The El Paso Conquest (2014)

‘The El Paso Conquest’ (2014) is an honest film

Feature length sports documentaries about real high school teams commonly focus on a theme of social good. In contrast, The El Paso Conquest covers the boys soccer team at Del Valle High School in El Paso, Texas in its ups and downs, but it avoids social themes.

Since the school’s founding in 1987, Del Valle has only had one head coach, Bill Reichman. Still coaching as of this review, Reichman has led the Conquistadores to over 600 victories, 2 State Championships, and 3 State silver or bronze medals.

Coach Bruce Reichman

About half of the film focuses on interviews with and about Reichman. Originally coaching pointy football, he was forced to create the boys soccer team, even though he knew nothing about the game. A knowledgeable fellow teacher volunteered to be the assistant coach, and fairly quickly, they built the school into a long-standing powerhouse. However, the filmmaker points out several times that it was a winning team that got very little recognition.

Director Minn gives a thorough picture of what makes Bruce Reichman a successful coach: hard work, dedication, discipline, enthusiasm, and ability to talk to and inspire his players. From a referee perspective, it is interesting to hear him talk honestly about getting his hotheadedness under control, so that he wasn’t getting thrown out of so many games.

The players and the soccer

The other half of the film is about the players and the student body. We are entertained by quite a lot of scenes of the marching band. There is a ton of footage from Del Valle’s biggest games up through 2013, the last year they went to the State Tournament final.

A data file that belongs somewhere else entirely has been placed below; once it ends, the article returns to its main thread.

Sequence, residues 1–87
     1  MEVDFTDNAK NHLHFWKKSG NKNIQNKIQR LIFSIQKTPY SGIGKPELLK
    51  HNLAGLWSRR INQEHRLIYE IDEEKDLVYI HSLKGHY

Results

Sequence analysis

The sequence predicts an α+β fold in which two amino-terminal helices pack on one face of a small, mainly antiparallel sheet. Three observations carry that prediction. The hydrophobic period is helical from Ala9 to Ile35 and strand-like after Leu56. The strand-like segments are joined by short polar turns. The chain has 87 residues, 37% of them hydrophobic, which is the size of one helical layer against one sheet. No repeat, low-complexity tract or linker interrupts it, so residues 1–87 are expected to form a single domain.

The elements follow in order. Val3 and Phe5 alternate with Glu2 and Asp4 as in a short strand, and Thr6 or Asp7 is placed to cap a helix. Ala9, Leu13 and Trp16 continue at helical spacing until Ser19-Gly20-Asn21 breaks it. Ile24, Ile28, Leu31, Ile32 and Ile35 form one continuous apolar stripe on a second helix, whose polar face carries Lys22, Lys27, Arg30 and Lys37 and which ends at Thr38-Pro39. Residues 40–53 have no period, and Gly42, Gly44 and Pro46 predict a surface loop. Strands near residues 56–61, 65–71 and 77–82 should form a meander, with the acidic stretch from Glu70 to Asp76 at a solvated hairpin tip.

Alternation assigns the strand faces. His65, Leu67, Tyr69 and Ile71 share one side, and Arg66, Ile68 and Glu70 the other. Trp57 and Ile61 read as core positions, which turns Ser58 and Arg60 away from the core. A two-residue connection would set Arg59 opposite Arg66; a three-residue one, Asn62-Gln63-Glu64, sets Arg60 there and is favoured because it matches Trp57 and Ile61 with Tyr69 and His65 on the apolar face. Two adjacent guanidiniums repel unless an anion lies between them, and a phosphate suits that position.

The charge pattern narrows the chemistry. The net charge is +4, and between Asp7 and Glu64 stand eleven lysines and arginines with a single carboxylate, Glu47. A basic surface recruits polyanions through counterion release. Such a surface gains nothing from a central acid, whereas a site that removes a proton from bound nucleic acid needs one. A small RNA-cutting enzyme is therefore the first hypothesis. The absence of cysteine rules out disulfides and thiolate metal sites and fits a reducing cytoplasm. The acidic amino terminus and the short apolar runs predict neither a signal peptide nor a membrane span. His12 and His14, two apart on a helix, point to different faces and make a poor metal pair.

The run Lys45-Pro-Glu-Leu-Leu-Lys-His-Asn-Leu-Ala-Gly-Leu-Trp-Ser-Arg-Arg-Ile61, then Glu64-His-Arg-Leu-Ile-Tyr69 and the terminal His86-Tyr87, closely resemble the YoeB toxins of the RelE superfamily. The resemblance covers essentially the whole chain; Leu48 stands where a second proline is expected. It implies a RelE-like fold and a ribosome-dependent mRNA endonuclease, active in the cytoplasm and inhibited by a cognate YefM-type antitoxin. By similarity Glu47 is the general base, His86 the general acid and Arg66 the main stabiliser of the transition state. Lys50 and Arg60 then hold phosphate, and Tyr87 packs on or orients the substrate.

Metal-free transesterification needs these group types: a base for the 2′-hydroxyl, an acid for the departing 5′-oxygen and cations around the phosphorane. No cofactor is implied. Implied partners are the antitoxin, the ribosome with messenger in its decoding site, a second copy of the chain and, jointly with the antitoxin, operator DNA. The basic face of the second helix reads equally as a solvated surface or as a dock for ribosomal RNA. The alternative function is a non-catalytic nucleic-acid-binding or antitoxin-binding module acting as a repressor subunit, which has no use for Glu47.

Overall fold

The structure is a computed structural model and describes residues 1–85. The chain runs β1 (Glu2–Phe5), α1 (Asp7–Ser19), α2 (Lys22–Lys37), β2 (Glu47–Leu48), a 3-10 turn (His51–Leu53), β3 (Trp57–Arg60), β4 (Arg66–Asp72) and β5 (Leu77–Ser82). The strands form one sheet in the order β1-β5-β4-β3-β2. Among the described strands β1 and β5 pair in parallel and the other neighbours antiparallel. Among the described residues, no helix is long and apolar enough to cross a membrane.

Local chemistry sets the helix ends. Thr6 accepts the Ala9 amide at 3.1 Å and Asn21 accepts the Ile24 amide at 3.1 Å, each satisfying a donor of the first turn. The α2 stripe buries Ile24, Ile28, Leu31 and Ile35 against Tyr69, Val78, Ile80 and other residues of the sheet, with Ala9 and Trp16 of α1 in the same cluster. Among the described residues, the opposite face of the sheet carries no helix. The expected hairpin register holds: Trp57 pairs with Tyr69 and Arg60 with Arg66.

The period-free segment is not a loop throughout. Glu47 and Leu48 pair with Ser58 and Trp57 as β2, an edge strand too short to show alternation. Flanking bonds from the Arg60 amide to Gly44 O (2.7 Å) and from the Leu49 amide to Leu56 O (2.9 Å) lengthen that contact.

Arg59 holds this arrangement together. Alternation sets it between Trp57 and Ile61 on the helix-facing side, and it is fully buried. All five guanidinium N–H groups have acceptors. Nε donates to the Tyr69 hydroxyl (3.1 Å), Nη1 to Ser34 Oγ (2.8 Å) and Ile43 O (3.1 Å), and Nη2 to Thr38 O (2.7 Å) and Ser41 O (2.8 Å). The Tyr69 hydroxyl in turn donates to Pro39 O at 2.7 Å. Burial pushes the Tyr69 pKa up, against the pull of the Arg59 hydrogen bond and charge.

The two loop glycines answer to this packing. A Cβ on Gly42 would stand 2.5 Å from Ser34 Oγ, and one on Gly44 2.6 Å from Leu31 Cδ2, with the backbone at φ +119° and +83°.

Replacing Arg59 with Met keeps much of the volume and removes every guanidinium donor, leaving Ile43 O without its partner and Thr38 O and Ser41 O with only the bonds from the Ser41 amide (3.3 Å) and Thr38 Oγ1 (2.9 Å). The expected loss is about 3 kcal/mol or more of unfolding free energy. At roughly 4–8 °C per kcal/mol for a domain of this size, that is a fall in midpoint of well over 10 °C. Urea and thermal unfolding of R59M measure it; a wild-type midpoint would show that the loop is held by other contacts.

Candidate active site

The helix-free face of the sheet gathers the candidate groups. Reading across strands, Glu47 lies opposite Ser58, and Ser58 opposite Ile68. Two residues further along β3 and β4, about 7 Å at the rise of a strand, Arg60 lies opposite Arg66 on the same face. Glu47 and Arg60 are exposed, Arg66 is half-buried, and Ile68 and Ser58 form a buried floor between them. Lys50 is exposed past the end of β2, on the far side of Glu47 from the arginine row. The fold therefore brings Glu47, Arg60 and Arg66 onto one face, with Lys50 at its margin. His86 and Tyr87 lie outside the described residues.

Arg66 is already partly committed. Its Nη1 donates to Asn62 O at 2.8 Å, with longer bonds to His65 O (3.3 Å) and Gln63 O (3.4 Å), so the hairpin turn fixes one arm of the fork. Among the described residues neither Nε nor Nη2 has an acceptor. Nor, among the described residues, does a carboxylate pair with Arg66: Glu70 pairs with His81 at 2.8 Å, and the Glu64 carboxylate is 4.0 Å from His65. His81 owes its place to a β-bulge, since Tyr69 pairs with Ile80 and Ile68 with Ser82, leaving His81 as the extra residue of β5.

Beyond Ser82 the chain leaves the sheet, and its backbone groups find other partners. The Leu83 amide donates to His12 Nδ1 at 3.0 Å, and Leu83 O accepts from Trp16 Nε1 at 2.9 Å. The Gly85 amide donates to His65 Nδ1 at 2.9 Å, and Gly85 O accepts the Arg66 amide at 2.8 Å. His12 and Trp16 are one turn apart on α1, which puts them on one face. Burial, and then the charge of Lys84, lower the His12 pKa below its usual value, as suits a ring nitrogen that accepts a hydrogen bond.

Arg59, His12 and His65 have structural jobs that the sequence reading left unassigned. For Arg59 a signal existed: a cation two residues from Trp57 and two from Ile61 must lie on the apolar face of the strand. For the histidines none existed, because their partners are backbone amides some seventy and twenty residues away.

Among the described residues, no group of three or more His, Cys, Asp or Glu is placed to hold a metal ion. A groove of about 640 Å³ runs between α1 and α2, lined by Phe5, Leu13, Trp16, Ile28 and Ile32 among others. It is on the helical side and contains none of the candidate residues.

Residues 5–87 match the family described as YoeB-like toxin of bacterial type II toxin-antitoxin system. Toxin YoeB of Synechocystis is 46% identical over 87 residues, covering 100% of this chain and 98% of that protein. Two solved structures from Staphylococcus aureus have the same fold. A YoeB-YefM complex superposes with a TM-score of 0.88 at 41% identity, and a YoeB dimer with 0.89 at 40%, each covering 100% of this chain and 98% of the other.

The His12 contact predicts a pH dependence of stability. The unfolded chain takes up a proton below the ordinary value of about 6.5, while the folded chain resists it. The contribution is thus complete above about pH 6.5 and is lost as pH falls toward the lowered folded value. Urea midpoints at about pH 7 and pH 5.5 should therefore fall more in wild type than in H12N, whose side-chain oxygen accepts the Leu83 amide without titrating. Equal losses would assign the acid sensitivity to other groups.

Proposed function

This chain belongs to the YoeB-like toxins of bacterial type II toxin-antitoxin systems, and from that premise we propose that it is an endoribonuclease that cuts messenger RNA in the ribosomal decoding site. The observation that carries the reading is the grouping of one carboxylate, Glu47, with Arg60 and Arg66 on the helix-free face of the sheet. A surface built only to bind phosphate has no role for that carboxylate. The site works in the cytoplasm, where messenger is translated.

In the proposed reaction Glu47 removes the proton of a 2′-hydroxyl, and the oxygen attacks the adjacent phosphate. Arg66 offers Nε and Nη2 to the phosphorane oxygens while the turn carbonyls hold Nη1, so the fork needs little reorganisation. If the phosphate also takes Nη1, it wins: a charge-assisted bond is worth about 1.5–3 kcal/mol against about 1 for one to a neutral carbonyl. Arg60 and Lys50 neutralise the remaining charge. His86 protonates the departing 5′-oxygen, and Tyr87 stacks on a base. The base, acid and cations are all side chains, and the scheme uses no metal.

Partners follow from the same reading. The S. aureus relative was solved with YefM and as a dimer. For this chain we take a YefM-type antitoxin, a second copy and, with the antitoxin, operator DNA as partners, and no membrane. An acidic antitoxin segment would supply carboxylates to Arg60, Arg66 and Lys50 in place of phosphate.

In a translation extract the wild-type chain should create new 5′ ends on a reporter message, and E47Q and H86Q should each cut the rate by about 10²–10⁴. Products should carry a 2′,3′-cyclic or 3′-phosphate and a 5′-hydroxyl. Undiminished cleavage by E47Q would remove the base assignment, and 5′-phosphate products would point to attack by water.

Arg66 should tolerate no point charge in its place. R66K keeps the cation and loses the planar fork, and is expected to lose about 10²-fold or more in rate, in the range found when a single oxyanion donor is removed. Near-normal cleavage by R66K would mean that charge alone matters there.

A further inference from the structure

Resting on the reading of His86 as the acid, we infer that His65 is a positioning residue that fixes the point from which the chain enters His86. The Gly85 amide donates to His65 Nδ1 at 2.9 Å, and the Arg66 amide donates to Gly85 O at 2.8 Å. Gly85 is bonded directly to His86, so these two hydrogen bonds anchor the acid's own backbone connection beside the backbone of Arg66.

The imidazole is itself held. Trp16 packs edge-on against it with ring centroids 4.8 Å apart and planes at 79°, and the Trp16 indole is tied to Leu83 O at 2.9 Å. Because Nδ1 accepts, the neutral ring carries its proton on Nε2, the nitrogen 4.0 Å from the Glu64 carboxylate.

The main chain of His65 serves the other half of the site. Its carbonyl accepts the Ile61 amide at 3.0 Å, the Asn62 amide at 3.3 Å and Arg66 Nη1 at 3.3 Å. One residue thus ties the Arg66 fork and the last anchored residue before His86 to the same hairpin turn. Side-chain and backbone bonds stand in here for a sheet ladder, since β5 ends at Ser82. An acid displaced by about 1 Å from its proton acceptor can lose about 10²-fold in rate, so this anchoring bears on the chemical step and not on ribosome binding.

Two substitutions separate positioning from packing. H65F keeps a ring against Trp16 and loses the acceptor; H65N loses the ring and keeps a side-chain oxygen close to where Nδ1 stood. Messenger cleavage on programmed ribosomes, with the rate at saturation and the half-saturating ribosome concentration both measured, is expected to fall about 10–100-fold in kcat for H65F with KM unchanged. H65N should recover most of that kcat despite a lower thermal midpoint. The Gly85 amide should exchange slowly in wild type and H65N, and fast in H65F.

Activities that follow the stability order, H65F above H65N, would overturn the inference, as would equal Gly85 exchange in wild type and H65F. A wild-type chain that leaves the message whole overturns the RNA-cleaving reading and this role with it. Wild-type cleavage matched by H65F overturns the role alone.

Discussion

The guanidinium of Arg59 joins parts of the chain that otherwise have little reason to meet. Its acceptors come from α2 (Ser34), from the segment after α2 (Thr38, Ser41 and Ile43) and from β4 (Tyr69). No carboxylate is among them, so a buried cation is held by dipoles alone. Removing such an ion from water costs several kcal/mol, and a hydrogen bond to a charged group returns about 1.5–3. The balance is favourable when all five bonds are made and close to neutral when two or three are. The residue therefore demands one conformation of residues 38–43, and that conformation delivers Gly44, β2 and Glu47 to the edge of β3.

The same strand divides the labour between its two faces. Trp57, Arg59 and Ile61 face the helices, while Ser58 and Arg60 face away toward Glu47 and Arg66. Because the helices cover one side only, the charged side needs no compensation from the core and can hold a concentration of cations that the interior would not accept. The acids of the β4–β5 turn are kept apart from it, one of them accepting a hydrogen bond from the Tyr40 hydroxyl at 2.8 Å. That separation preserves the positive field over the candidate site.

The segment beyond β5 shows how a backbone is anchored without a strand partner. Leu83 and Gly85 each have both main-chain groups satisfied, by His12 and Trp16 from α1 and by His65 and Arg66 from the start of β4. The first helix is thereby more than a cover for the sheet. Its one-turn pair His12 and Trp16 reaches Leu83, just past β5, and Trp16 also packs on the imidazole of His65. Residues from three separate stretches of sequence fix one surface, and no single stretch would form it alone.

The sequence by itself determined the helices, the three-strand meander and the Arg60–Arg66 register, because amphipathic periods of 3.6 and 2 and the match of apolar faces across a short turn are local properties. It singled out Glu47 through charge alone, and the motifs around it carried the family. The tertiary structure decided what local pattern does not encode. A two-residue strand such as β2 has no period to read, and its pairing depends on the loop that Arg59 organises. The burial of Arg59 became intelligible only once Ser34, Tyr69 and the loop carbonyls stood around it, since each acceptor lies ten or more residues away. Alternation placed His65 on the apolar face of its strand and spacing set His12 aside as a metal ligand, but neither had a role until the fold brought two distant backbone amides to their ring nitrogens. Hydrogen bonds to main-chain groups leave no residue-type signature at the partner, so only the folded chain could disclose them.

There are many interviews with players who talk about how they felt after big games and big losses. The footage includes a lot of goals and a lot of misses; it is high school soccer played on dirt as well as artificial turf pointy football fields. However, there are so many players from different seasons and not in any easily discernible order, that it becomes difficult to associate any player with a particular team achievement. The film could have used much sharper editing, but then it would have ended up being TV-length.

What I would have liked to see

Director Charlie Minn has a slew of documentary film credits. He is a native son of El Paso, which shares the USA-Mexico border with Ciudad Juarez, the oft-cited murder capital of the world. Most of Minn’s films are about massacres, murders and drugs, Juarez, and Mexican cartels. A former sportscaster, some of his documentaries are about sports. A lot of the film titles have numbers in them, such as 7 Murders a Day.

The Del Valle HS student population is largely Hispanic, and from the footage it is clear that the boys already knew how to play soccer before joining the team. So I was disappointed that the film largely ignored these facts and didn’t discuss the cultural or political aspects of being a Del Valle high schooler in El Paso. For example, I would have enjoyed frank discussion from the players on how high school soccer kept them on the right path, even if their parents couldn’t make it to the games.

Coach Jake is the most similar film to this one (a high school boys team in New York) and is a lot more polished. However. I feel The El Paso Conquest is more honest. Futbolistas 4 Life and In the Game are excellent documentaries about high school girls soccer players.

6 Soccer Movie Mom Rating = 6